This question and half-answer game about the others is just a ruse on the part of my occasionally clever husband to give his daughter a chance to clue us in on her next move, figuratively and maybe somewhat literally. But we also meant it when we said she was not expected to be on her own the minute she graduated. That had been her plan until she realized taking a full load her last semester meant that putting her all into the job and location search would have to wait.

Shortly after graduation, Second Born and a carload of The Grads took a road trip to a fellow grad’s graduation party. It was what you could call their last hurrah prior to a lifetime of workdays and responsibilities. She returned just as Spouse and I were set to leave town for a few days to attend the National Society of Newspaper Columnists’ conference. That meant she’d have the house to herself for three days — three whole days with nobody asking about her plans or anyone else’s. Heaven.

The right job and location will come. It might not happen overnight — or over several nights — but it will happen. So, to anyone out there who comes across a new college grad, instead of the same old inevitable questions, tell them about your first job, your worst job, your first dumpy apartment, or your own apprehension when it was your turn to enter the workforce. Give them the benefit of your experience and welcome them into the club of uncertainty and not always getting it right the first time. We’ve all been members.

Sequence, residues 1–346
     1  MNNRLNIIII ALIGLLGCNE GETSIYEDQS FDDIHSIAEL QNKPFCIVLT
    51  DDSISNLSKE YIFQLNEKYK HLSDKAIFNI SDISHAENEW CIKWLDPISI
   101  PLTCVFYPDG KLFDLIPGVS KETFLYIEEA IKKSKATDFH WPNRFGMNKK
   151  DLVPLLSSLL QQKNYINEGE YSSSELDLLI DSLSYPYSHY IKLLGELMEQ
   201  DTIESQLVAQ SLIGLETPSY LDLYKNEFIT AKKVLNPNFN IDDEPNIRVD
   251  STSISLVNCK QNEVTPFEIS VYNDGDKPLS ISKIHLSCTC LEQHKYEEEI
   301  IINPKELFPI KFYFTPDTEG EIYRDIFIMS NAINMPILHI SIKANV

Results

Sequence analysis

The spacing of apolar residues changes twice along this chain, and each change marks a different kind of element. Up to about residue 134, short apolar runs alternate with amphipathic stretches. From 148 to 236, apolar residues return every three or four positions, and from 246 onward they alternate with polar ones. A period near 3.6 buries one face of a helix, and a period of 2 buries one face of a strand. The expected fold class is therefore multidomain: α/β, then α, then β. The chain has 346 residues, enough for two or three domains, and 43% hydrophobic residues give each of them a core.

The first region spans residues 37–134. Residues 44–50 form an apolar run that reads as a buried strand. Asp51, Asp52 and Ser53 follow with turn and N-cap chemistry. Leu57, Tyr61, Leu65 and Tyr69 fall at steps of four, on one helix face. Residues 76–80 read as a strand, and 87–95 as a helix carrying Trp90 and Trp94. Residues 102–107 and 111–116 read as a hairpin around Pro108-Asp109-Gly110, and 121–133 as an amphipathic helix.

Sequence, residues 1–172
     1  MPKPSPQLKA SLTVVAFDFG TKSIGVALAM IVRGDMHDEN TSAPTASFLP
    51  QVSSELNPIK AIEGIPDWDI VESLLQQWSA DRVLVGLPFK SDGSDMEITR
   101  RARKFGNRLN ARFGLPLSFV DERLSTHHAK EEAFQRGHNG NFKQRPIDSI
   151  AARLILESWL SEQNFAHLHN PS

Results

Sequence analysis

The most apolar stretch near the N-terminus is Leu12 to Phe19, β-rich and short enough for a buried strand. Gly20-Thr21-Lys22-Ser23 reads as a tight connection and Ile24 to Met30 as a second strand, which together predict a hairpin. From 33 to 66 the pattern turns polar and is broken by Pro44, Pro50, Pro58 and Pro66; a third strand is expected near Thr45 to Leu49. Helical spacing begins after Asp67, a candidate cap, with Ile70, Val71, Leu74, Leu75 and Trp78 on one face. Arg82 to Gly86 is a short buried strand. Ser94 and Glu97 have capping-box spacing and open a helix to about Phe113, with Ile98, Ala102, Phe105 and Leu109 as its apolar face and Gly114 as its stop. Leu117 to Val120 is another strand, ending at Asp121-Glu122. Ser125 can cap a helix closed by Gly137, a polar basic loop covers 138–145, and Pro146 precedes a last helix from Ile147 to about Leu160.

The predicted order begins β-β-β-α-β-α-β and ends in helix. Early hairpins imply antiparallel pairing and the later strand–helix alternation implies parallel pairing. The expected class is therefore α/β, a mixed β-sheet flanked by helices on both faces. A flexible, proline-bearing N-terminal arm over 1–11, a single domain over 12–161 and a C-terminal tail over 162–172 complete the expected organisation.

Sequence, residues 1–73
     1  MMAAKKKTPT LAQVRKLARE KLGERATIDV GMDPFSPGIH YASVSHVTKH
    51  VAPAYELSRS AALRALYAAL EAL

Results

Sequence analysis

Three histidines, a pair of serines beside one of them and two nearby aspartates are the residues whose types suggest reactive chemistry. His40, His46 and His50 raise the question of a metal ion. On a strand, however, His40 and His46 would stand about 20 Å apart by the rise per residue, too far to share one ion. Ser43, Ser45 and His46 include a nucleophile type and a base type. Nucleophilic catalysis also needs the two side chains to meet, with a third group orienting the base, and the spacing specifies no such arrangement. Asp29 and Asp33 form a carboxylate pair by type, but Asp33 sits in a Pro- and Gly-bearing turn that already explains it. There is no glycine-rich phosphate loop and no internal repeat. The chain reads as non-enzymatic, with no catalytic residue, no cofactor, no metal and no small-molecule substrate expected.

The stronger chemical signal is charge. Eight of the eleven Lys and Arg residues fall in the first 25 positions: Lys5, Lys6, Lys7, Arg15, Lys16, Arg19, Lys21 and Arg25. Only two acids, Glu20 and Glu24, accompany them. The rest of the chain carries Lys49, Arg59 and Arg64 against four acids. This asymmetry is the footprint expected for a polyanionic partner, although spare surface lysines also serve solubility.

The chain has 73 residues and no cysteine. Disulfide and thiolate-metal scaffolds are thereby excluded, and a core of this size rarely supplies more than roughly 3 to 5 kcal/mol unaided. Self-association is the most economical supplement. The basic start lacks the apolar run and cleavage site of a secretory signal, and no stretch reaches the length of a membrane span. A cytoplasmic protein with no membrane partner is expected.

Congratulations to all graduates, from college right down to kindergarten. Remember, first grade is a whole new world… with better scissors.

— Janine Talbot

Janine Talbot, an award winner in the humor-writing category of the 2016 Annual Column Contest of the National Society of Newspaper Columnists, writes a weekly humor column for the Journal Tribune in southern Maine. An empty nester since her two daughters had the nerve to believe it when they were told to follow their dreams, Janine lives with her spouse of 30+ years, who often forgets that his actions are fodder for her column, and two and a half cats. She blogs at www.momofmanywords.com.

There’s way too much ‘smart’ in my life

Over the past few years, I’ve managed to snatch the power back from my Smartphone, my Smarthouse, even those obnoxious Smartkids of mine, and become a Smartwoman.

But now I have a new foe and it’s proving problematic.

My Smartcar.

This is the fourth time in a week I’m in my garage, standing outside my new car, anxious, a knot in my throat, a feeling of dread. Quite a difference from the love I felt at the dealership. It reminded me of the football players I liked in college. They looked good on the outside until they spoke. Then I wanted to punch them.

Same for my new car.

I calm my nerves, take a deep breath, slowly place my hand on the door and get in.

I push a button and the car turns on.

Champagne, anyone?

So far so good.

I hit the menu button and the computer screen lights up asking if I want the menu to appear on the virtual cockpit. I don’t want to fly over Russia. I want to drive to HomeGoods.